Full Text Available Plantaricin is one of bacteriocins that have the potential to be used as food preservative. Plantaricin is safe for human consumption because it can be easily degraded by proteolytic enzymes. The objective of this study was to express and purify recombinant pre-mature peptide of plantaricin F from Lactobacillus plantarum S34 in Escherichia coli. Plantaricin gene-specific primer was used to obtain pln F structural gene amplicon from L. plantarum S34. This amplicon was cloned in pET32a vector and expressed in E. coli BL21 (DE3 pLysS. Pre-mature plantaricin F peptide was expressed as Histagged-fusion protein and separated by Co2+-chelating affinity chromatography. L. plantarum S34-derived pre-mature plantaricin F peptide fused with thioredoxin-(His6tag had successfully been expressed in E. coli BL21 (DE3 pLysS using pET32a as an expression vector. The fused recombinant pln F as pre-mature state expressed had a molecular mass of +24 kDa, meanwhile the fused recombinant that contained only the leader peptide of pln F appeared as +20 kDa based on SDS-PAGE separations. The optimal production of fused recombinant pln F as soluble fraction was obtained when culture condition was added with 0.5 mM of IPTG and incubated at 22°C for 5 hours (OD~1. Furthermore, the expression of fused recombinant pln F as its pre-mature peptide pointed out that the pln F’s leader peptide could be proteolytically cleaved by a system in heterologous cells. Overall, heterologous pln F production as pre-mature peptide fused with thioredoxin-(His6tag had been well established. From this research, we expect plantaricin F can be expressed and purified in E. coli.

  8. Mature clustered, regularly interspaced, short palindromic repeats RNA (crRNA) length is measured by a ruler mechanism anchored at the precursor processing site.

    Science.gov (United States)

    Hatoum-Aslan, Asma; Maniv, Inbal; Marraffini, Luciano A

    2011-12-27

    Precise RNA processing is fundamental to all small RNA-mediated interference pathways. In prokaryotes, clustered, regularly interspaced, short palindromic repeats (CRISPR) loci encode small CRISPR RNAs (crRNAs) that protect against invasive genetic elements by antisense targeting. CRISPR loci are transcribed as a long precursor that is cleaved within repeat sequences by CRISPR-associated (Cas) proteins. In many organisms, this primary processing generates crRNA intermediates that are subject to additional nucleolytic trimming to render mature crRNAs of specific lengths. The molecular mechanisms underlying this maturation event remain poorly understood. Here, we defined the genetic requirements for crRNA primary processing and maturation in Staphylococcus epidermidis. We show that changes in the position of the primary processing site result in extended or diminished maturation to generate mature crRNAs of constant length. These results indicate that crRNA maturation occurs by a ruler mechanism anchored at the primary processing site. We also show that maturation is mediated by specific cas genes distinct from those genes involved in primary processing, showing that this event is directed by CRISPR/Cas loci.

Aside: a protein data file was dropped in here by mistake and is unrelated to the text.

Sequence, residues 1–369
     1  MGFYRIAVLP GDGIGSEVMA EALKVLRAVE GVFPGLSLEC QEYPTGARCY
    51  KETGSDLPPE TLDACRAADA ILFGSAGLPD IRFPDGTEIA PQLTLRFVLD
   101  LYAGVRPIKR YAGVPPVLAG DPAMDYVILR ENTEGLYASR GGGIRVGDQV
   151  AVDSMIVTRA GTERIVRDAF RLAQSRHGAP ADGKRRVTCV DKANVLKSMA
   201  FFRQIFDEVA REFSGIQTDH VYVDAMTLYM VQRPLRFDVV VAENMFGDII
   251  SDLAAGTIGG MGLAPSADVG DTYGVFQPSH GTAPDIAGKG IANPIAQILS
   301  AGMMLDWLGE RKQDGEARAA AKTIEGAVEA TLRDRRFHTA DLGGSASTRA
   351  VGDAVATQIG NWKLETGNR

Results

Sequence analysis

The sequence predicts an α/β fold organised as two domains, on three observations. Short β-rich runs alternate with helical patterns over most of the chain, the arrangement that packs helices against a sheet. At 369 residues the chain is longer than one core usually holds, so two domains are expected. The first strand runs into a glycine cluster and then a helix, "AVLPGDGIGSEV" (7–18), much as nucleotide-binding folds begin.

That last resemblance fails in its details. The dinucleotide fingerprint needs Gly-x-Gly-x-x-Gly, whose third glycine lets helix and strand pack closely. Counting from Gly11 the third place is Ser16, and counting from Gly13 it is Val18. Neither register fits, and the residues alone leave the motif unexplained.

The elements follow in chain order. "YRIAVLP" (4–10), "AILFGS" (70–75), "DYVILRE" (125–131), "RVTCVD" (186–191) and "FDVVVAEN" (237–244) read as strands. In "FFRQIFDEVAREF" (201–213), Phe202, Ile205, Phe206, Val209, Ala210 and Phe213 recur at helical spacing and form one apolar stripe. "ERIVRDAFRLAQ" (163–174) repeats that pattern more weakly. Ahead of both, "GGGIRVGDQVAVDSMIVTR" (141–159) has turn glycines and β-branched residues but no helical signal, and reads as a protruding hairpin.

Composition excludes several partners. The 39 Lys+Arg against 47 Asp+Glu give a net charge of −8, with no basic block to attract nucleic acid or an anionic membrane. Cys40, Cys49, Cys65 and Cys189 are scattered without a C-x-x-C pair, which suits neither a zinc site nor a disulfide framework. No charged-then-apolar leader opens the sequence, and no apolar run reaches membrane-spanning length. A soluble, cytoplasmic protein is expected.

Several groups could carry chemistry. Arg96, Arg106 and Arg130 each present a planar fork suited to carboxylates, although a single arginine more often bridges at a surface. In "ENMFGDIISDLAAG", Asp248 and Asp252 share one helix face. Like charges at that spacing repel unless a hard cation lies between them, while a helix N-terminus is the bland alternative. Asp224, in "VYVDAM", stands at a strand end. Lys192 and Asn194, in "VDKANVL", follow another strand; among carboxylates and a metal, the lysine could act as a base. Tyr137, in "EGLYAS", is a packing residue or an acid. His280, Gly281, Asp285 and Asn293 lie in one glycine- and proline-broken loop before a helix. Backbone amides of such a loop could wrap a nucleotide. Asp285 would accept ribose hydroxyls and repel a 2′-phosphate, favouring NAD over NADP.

9. Academic Achievement of High School Students in Relation to Their Anxiety, Emotional Maturity and Social Maturity

    Science.gov (United States)

    Puar, Surjit Singh

    2013-01-01

    The present study has been designed to investigate the non-cognitive variables like anxiety, emotional maturity and social maturity and their relationship with academic achievement and also to see the locale-wise differences on the basis of their anxiety, emotional maturity and social maturity. The study was conducted over a sample of 400 (200…

  10. Gamma rays role in the improvement of yield and early maturity in soybean

    Energy Technology Data Exchange (ETDEWEB)